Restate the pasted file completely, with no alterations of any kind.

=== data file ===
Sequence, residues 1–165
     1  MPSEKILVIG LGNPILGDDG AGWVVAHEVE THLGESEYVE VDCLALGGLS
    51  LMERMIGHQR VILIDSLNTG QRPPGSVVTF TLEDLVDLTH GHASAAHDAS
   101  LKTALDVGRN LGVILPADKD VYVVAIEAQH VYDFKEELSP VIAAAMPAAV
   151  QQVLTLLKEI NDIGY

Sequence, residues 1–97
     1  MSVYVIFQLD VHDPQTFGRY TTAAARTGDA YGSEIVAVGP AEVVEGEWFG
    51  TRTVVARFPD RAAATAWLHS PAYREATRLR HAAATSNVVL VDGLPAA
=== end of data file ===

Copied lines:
Sequence, residues 1–165
     1  MPSEKILVIG LGNPILGDDG AGWVVAHEVE THLGESEYVE VDCLALGGLS
    51  LMERMIGHQR VILIDSLNTG QRPPGSVVTF TLEDLVDLTH GHASAAHDAS
   101  LKTALDVGRN LGVILPADKD VYVVAIEAQH VYDFKEELSP VIAAAMPAAV
   151  QQVLTLLKEI NDIGY

Sequence, residues 1–97
     1  MSVYVIFQLD VHDPQTFGRY TTAAARTGDA YGSEIVAVGP AEVVEGEWFG
    51  TRTVVARFPD RAAATAWLHS PAYREATRLR HAAATSNVVL VDGLPAA